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This Day in History

World History

Monday, July 12, 1920. :   The Panama Canal, connecting the Atlantic and Pacific Oceans via the Caribbean sea, is formally dedicated, six years after it was unofficially opened.

     The Panama Canal is a ship canal about 82km in length, linking the Pacific and Atlantic Oceans via the Caribbean Sea through central America. A canal through Nicaragua was initially preferred by the US, but the Panama site was chosen after a French company acquired the rights to the canal from another bankrupted French company. An American representative of the French company, William Nelson Cromwell, persuaded the United States to take up the Panama route. The canal was ultimately built by the United States between 1904 and 1914 on territory leased from Panama.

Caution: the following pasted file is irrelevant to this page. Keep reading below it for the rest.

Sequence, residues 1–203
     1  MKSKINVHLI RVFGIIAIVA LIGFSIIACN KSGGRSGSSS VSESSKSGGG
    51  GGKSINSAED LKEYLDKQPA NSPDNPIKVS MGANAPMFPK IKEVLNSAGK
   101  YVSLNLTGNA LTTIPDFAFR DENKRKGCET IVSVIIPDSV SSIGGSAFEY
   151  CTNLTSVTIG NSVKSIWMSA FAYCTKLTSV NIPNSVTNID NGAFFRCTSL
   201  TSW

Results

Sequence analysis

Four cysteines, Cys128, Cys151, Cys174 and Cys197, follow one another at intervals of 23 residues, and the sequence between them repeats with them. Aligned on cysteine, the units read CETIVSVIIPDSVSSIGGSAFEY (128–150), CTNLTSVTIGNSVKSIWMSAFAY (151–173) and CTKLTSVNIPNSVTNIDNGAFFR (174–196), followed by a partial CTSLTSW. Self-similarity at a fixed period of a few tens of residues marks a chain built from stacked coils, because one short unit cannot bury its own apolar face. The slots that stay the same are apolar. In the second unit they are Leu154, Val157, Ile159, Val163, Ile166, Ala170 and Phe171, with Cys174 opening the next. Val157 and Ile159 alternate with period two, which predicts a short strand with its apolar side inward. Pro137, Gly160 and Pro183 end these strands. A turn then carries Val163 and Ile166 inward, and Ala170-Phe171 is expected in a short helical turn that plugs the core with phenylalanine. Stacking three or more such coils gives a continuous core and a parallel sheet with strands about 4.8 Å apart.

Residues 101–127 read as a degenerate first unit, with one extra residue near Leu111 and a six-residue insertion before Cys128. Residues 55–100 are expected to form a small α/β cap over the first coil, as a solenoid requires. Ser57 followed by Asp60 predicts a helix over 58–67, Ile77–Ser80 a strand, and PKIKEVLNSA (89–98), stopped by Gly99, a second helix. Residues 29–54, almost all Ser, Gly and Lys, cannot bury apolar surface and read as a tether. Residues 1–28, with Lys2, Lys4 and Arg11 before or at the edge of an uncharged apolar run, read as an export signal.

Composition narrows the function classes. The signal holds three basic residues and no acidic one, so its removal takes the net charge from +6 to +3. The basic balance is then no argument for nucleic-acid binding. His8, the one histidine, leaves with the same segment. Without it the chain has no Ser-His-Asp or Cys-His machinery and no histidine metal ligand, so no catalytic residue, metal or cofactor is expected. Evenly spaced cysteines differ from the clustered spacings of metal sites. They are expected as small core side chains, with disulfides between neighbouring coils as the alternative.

The canal saves a total of about 12,500 km on a trip from New York to San Francisco by sea. US President Woodrow Wilson officially opened the Panama Canal on 12 July 1920. However, traffic had been using the canal since its unofficial opening on 15 August 1914, when Canal cement boat Ancon, piloted by Captain John A Constantine, the Canal's first pilot, made the first official transit.

Panama took over control of the Panama Canal on 31 December 1999.

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